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World Council for the Cedars Revolution

Wednesday
Sep 30th
Home arrow News Content arrow Blog arrow Blog Items arrow Intelligence arrow Nuclear watchdog chief warns of 'last chance' for Iran
Nuclear watchdog chief warns of 'last chance' for Iran PDF Print E-mail
Written by AFP   
Sunday, 02 September 2007

International Atomic Energy Agency chief Mohamed ElBaradei gives a press conference in July 2007. If Iran fails to resolve its nuclear dispute by the end of the year, it may be passing by its last chance to do so, the UN atomic energy agency head said in an interview due out Monday.
International Atomic Energy Agency chief Mohamed ElBaradei gives a press conference in July 2007. If Iran fails to resolve its nuclear dispute by the end of the year, it may be passing by its last chance to do so, the UN atomic energy agency head said in an interview due out Monday.

BERLIN (AFP) — If Iran fails to resolve its nuclear dispute by the end of the year, it may be passing by its last chance to do so, the UN atomic energy agency head said in an interview due out Monday.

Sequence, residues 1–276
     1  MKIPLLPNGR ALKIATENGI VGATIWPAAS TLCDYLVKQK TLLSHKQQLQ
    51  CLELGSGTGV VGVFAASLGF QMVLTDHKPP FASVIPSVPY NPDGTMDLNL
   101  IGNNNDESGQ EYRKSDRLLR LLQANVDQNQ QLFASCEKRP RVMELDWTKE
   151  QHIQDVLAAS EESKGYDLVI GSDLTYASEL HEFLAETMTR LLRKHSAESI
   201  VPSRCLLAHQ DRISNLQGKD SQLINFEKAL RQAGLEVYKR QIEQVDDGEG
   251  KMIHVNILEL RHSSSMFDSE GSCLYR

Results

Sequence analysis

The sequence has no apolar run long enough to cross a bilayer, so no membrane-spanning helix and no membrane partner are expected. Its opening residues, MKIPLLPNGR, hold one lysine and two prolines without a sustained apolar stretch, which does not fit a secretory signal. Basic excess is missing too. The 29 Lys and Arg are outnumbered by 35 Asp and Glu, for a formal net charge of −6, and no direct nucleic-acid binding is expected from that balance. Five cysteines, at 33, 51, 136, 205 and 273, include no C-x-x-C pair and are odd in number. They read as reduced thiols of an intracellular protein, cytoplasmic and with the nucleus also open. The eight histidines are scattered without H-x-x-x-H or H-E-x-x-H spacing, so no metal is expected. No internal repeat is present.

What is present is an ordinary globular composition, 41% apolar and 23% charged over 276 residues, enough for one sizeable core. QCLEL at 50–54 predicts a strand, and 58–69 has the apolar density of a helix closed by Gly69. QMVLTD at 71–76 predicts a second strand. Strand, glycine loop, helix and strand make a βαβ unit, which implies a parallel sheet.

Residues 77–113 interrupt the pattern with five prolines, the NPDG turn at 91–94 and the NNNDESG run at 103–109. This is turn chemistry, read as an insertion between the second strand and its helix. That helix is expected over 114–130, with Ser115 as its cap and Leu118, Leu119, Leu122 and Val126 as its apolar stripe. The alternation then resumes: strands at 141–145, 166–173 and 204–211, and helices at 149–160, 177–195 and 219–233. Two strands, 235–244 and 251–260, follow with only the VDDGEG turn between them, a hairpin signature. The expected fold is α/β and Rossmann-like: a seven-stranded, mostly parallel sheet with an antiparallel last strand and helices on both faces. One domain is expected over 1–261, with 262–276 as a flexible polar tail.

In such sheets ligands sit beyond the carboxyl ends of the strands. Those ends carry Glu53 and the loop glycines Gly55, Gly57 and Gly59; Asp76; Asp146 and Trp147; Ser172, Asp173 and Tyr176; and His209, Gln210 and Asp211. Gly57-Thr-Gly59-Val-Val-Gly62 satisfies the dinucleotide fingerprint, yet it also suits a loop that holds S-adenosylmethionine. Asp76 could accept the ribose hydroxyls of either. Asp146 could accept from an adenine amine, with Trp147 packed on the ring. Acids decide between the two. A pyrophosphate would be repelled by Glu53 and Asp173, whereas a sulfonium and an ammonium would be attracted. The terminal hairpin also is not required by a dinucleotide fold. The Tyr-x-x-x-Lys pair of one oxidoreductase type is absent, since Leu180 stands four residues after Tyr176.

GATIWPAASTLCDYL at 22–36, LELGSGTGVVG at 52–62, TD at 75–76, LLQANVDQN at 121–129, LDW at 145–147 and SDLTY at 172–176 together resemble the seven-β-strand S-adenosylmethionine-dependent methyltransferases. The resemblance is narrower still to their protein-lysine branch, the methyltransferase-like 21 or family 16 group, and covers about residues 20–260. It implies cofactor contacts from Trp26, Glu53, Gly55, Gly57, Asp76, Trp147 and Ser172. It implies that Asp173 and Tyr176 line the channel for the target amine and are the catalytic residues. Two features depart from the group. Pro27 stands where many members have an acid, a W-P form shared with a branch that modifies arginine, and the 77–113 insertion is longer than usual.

"By November, or December at the latest, we should be able to state whether the Iranians are keeping their promises. If they don't keep them, Tehran will have passed by an important chance, perhaps the last," Mohamed ElBaradei, the International Atomic Energy Agency head, told weekly Der Spiegel.

However, the IAEA chief urged international players to "encourage" Iran to cooperate.

"Beside sanctions, there must also be encouragement," he said, underlining that "sanctions alone will not bring any durable solution."

But he added that there were "concrete grounds to suspect" Iran of developing a nuclear bomb.

Asked about the possible use of force against Tehran, ElBaradei said that might destroy a large part of Iran's nuclear installations, but warned of the danger of an explosion of violence in the whole region.

"The already very deep oppositions between the Islamic world and the West would explode," he said.

He added that such a move would also certainly reinforce support for an Iranian nuclear bomb.

Iran and the UN atomic energy agency on August 21 agreed on a timetable for Tehran to clarify outstanding concerns about its contested nuclear programme, amid Western threats of further UN sanctions.

The IAEA said Thursday that Iran's decision to answer key questions about the programme was "a significant step forward," in a development expected to help Tehran avoid new sanctions.

But the United States reiterated its insistence on Iran suspending uranium enrichment to win international confidence, and downplayed the IAEA claim of progress. AFP, Sep 02, 2007

http://afp.google.com/article/ALeqM5i0O1uI5Pa_hEdys0pEimx6zBU6OA



 
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